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The Daily Northwestern

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Northwestern University and Evanston's Only Daily News Source Since 1881

The Daily Northwestern

Northwestern University and Evanston's Only Daily News Source Since 1881

The Daily Northwestern

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Students find graphic design ‘fix’ on campus, despite program gap

Illustration by Sophia Zhang
Students look for ways to incorporate graphic design into their college experience outside of the classroom.

From club posters to on-campus publications, digital art and design can be found all around Northwestern’s campus. And online platforms like Canva have made graphic design accessible to the masses –– especially at NU.

McCormick sophomore Ryan Murphy says graphic design has a large presence with campus clubs due to accessibility and its variety of uses. Murphy works on design for Wavelength, NU’s music magazine.

“Graphic design is a great thing because it’s not just for art people,” Murphy said. “(Graphic-based) marketing on social media is huge for clubs right now.”

However, NU does not offer graphic design-centered classes or programs, and leaves students to seek out clubs and outside organizations to grow as digital artists.

One of these students is Weinberg senior Julie Elorza, who says she explores her interest in digital illustration by majoring in Art Theory and Practice and taking Radio, Television and Film classes. But, she also relies on clubs and organizations on campus to get her the practice she needs.

“I found a lot of people do their own different things to try to get their fix for graphic design,” Elorza said. “It’s a self-taught kind of thing.”

Despite a lack of a graphic design program at NU, clubs and organizations often use programs such as Canva for posters, social media graphics and projects. Graphic design and illustration are also a mainstay in many of NU’s on-campus publications, including North By Northwestern.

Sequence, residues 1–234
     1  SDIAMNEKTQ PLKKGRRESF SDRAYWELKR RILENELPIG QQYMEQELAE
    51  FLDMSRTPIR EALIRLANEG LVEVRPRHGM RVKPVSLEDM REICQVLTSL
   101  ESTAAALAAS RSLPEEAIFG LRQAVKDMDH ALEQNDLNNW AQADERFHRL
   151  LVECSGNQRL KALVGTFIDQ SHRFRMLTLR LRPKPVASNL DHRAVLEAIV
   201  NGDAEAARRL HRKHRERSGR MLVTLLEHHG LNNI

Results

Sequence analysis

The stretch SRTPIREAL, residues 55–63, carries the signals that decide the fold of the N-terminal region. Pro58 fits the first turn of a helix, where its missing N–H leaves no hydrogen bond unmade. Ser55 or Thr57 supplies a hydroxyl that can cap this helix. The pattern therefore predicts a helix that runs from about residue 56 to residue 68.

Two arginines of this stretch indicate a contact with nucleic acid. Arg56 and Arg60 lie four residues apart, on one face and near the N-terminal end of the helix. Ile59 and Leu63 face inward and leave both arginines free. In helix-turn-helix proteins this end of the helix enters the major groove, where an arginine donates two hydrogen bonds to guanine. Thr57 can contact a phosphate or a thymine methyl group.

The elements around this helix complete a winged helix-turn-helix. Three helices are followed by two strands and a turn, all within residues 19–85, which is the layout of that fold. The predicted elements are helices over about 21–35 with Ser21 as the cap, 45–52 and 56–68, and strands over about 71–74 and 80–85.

Medill senior Hope Cartwright is on the Creative Team for NBN, which uses programs like InDesign and Photoshop to design their quarterly magazine. She says she frequently sees the use of graphic design for clubs and publications on campus.

However, she also says she doesn’t mind the lack of graphic design classes on campus, as she believes it keeps clubs from becoming too selective.

“I don’t know if there would be NU students who would be into that,” Cartwright said. “I feel like NU students kind of have a competitive streak, especially when something becomes academic. So, I feel like it might get cut-throat.”

Despite graphic design’s frequent pairing with journalism, NU is one of the only schools in the U.S. News & World Report ranking of top 10 journalism schools, which includes NYU, Washington University in St. Louis and the University of Texas Austin, without a graphic design program.

For students interested in pursuing graphic design while at NU, there are a few programs that develop skills that overlap with graphic design.

Art Theory and Practice offers art as both a major and minor to undergraduate students. While the department offers no digital art-centered classes, platforms such as Photoshop and InDesign are utilized in class projects. The department also offers Adobe access in its computer lab.

Elorza says that, despite her interest in graphic design, she rarely creates digital projects for her classes.

“The art major is very traditional,” Elorza said. “I do wish there was more. I don’t want to say there isn’t an openness to digital art and graphic design, but I do think it’s not seen as legitimate.”

The Media Arts and Game Design module is another graphic-design adjacent program at NU at the School of Communication. The module offers classes in computer animation and teaches 3D animation programs.

Communication senior Austin Lopez McDonald is pursuing the Media Arts and Game Design module. While he entered NU through McCormick, he hopes to enter a career in video game design. But, he says he has been disappointed by the class’s preparation for future jobs he is interested in.

“The way these classes are structured is that if you want to get into the industry, but don’t know how to do it, these classes aren’t going to teach you,” Lopez McDonald said.

To find his design outlet, Lopez McDonald joined the Illustrators and Animators Club and helps teach other students what he knows about graphic design.

Illustrators and Animators club is a student organization that focuses on teaching 2D and 3D animation. Lopez McDonald says he likes to help teach others what he has learned about the illustration industry through the club.

“I really wanted a space where I can talk about and critique design,” Lopez McDonald said. “And show people different design processes and give feedback that NU doesn’t.”

As the graphic design industry grows, many students are continuing to explore digital art skills regardless of their career goals, as Murphy says he finds it a more practical way to find a career in art.

“Before, there was talk about how parents would be worried about the starving artist stereotype,” Murphy said. “And nowadays, it’s not really true if you like graphic design because of how big it is.”

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